Thursday, January 30, 2014

Should State Bar Membership Be Voluntary In Michigan?

Senator Meekhof recently introduced SB 743 in Michigan to change the membership of the State Bar of Michigan from mandatory to voluntary.

The Bill would:

"No longer require that individuals pay a periodic fee for continued membership in the State Bar,
require that individuals who designate themselves 'attorneys or counselors' be licensed to practice law in Michigan, and require that all individuals who practice law in the state do so in compliance with the requirements of the Michigan Supreme Court."

As of 1/23/14, the Bill has been referred to the Committee on Government Operations.


The Bill comes after recent scrutiny of the State Bar when it urged mandatory disclosure of those financing judicial campaign ads.


"Republican Sen. Arlan Meekhof of West Olive says the bar association has become more 'political' and not all lawyers agree with its actions. Meekhof said Thursday that the bill's intent isn't to let attorneys' off the hook from fees for attorney discipline system and other bar functions. Conservatives first proposed a 'right-to-work' concept for lawyers at a Republican policy conference in September."


Many attorneys who pay their annual dues may see no immediate benefit, but the State Bar of Michigan does work as the oversight agency for attorneys in Michigan. Our State Bar dues help pay for attorney discipline procedures (a good thing for libraries when attorneys steal books -- which happens more often than you think).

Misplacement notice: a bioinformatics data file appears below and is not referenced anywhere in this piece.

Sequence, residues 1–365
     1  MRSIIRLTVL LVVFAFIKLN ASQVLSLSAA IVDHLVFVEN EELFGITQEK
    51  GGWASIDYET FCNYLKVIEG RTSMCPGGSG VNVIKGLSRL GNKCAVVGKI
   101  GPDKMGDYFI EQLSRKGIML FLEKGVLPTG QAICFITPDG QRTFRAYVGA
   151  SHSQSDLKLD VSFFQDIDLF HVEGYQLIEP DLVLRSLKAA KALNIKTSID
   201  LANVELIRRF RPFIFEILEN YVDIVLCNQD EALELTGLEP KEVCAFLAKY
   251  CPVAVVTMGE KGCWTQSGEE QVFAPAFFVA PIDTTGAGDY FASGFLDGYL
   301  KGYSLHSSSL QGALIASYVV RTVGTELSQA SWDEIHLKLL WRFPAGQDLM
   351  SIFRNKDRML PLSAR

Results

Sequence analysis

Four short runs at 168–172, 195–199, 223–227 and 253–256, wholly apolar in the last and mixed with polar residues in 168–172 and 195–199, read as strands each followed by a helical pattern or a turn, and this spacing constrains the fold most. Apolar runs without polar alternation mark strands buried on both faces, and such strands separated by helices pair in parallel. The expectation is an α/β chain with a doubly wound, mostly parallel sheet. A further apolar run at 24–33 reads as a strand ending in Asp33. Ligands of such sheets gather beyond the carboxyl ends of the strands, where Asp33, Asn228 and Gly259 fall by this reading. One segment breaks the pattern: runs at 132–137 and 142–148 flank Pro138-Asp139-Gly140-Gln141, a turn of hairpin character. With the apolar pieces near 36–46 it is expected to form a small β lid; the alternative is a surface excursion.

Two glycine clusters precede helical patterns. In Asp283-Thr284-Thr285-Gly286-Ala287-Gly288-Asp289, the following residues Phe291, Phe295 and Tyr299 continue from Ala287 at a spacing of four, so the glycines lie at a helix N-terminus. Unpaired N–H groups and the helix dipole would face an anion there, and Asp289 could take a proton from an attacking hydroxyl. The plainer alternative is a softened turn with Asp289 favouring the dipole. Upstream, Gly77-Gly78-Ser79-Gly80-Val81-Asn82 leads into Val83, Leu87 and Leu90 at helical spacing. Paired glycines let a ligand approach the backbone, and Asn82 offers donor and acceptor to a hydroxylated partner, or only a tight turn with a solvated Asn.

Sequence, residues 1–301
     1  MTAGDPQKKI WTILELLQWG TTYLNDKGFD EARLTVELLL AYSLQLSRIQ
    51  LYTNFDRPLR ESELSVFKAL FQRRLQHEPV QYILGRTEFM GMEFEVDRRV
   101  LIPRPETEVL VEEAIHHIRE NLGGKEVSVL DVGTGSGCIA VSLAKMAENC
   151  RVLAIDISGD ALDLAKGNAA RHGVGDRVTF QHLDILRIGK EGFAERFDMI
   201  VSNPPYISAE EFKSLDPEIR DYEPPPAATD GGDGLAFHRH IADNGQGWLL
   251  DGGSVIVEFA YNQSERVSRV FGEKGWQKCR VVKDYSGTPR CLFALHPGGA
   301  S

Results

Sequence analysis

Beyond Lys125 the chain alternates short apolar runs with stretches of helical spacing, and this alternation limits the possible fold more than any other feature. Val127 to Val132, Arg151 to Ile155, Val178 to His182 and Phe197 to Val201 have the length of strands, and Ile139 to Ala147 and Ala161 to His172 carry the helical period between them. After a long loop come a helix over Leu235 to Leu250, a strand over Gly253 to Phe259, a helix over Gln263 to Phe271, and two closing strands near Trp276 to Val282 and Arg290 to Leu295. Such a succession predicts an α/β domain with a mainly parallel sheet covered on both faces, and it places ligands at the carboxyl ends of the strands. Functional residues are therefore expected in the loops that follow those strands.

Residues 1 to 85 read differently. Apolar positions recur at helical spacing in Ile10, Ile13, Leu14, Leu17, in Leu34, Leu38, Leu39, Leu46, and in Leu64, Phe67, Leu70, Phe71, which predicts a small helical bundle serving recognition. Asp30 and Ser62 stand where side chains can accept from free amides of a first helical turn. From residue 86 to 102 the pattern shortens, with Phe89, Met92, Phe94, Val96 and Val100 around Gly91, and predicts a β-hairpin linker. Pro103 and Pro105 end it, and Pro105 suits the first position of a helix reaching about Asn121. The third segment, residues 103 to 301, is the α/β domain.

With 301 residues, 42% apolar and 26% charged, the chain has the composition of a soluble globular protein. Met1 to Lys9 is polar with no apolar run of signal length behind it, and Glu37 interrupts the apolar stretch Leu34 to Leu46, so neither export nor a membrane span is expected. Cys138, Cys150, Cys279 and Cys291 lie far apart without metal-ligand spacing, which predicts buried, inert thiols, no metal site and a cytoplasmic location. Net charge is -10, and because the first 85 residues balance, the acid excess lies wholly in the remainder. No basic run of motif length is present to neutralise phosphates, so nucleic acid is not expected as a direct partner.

There are also other benefits like discounts for members for things like insurance, car rental, travel, etc....


One of the biggest benefits I can think of for practicing attorneys is the free access to Casemaker.  For annual dues that cost ~$305 per year, you get access to a free legal research database that would otherwise cost $450 per year.


Also, when I have done pro bono work, the State Bar of Michigan has offered me free malpractice insurance to cover the work, which promotes free services to others.


While making dues voluntary would basically create a 'Right to Work' for lawyers (and I do believe that what is good for blue collar is also good for white collar), I also think that the Bill is, in itself, a political move. Senator Meekhof, it would appear, does not like the fact that the State Bar required mandatory disclosure of judicial campaign financing. However, mandatory disclosure of campaign finance is a transparency issue, and transparency is a good thing when deciding which judge to vote for. Even though judges should be nonpartisan, it is clear that money talks (and they were partisan people before they ran for a judicial position).


The current system works, so I don't see a reason to undo it only to have to create a new system because, as Meekhof said, the bill's intent isn't to let attorneys' off the hook from fees for attorney discipline system and other bar functions.


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